The ‘I’iwi (pronounced ee-EE-vee and not to be confused with the Pokemon; its scientific name is Vestiaria coccinea) is easily Hawai’i’s most recognizable forest bird. Bright red verging on pink, with black wings and a long, thin, curving pink bill, they’re absolutely striking in a mostly-green mossy forest. Younger ‘I’iwi, called ‘I’iwi polena, are green and black; as they moult into adult plumage they become a colourful, Christmas-y mosaic.
They are mainly nectarivorous and favour the bright red ohia lehua blossoms, which match their red plumage. In fact, they may be one of ohia’s main pollinators. They may also have co-evolved with the native lobelia species, which, like the honeycreepers, are a classic example of adaptive radiation. The ‘I’iwi’s downcurved bill seems to fit perfectly into lobelia nectar tubes, but this hypothesis has not been closely examined.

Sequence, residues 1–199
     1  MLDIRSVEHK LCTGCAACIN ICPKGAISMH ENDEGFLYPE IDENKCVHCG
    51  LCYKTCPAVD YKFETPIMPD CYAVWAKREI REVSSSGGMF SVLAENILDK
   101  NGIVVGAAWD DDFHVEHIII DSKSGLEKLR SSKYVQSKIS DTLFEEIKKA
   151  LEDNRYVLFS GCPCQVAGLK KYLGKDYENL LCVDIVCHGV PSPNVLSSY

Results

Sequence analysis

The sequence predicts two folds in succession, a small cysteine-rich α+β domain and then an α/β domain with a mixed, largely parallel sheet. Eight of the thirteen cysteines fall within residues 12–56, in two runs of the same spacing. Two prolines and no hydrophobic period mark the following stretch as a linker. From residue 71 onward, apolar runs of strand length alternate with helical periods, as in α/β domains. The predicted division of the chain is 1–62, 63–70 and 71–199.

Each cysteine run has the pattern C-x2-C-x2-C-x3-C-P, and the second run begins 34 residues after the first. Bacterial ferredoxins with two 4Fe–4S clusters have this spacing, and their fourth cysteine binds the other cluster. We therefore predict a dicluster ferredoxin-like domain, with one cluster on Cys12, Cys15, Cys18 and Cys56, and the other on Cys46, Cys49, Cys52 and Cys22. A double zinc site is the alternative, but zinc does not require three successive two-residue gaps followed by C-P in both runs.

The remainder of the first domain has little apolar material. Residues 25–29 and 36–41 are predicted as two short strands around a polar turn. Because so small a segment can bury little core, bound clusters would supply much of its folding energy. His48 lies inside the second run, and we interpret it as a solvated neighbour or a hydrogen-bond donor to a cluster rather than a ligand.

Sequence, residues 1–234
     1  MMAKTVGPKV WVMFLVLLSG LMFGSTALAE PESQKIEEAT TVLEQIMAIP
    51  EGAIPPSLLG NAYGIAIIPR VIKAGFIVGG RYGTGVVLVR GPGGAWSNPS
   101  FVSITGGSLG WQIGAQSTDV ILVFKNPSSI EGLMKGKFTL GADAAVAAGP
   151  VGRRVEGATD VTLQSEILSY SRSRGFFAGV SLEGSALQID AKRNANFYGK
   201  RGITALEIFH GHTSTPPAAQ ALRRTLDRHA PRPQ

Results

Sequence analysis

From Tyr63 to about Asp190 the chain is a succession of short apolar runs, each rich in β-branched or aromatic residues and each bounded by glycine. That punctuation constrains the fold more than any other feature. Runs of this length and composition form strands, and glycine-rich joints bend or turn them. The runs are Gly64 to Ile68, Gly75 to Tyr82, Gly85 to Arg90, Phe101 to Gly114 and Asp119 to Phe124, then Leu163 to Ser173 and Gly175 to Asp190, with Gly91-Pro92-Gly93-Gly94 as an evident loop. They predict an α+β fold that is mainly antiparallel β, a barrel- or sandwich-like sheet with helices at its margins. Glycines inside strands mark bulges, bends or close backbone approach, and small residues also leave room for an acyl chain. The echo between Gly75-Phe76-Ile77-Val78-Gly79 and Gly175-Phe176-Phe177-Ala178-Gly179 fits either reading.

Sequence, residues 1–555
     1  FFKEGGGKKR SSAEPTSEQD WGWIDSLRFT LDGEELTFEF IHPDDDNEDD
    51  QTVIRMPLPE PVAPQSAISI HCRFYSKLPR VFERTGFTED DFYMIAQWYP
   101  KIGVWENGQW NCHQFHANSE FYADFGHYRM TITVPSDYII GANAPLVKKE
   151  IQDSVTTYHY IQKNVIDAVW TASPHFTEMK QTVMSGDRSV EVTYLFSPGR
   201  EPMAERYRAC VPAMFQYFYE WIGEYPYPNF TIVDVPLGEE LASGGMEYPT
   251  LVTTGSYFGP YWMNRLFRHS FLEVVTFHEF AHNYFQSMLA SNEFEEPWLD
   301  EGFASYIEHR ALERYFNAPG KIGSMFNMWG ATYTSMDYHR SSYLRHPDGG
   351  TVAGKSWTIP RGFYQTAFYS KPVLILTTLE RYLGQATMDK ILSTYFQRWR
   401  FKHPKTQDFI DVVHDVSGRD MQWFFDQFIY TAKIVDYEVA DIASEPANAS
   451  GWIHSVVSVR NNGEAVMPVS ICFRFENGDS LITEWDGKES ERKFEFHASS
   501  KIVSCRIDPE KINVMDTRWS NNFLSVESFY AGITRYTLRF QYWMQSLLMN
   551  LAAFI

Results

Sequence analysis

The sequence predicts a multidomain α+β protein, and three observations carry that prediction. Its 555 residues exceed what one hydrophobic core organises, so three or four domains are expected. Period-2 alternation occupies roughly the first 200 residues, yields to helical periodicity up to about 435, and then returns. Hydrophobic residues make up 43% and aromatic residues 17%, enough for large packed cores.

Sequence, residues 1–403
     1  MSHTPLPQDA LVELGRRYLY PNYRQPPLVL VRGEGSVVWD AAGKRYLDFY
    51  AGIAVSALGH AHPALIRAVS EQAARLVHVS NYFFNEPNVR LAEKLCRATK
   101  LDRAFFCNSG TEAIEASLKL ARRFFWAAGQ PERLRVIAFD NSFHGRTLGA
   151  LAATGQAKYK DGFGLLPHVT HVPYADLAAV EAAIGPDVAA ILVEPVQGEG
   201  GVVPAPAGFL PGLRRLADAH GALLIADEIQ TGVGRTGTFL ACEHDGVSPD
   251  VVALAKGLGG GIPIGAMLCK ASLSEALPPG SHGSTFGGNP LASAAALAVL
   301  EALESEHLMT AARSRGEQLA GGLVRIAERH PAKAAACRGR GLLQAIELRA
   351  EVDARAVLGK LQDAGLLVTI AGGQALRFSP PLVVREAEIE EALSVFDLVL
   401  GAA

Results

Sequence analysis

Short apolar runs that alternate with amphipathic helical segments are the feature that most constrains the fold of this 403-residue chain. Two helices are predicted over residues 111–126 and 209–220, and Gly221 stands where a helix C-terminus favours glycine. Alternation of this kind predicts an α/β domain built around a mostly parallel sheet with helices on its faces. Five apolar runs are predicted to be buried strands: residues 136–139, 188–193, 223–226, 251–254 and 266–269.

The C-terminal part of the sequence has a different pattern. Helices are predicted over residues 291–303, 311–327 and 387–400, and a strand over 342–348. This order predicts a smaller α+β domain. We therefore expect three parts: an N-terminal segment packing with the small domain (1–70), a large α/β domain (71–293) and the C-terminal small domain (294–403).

‘I’iwi are as charismatic as they are pretty. They’re loud and strange-sounding. Among their repertoire are noisy squeaks and creaks that sound like rusty door hinges with the occasional badly-played harmonica blast. And when they fly, their wings make a high-pitched whirring.
Despite being everyone’s favourite, ‘I’iwi are seldom seen in parts of Hawai’i. They are in decline on Kaua’i and close to extinction on Moloka’i and O’ahu. On the Big Island and Maui, however, they’re still abundant and easily seen by casual birders. Like other native Hawaiian birds, they suffer from habitat loss and predation by invasives such as cats and rats; in addition, they are extremely susceptible to avian malaria (the mortality rate may be higher than 90%). As a result, they’re a candidate for listing as a federally endangered species. (Don’t hold your breath, though: ‘Akikiki and ‘Akeke’e had to wait 10 years to be listed.)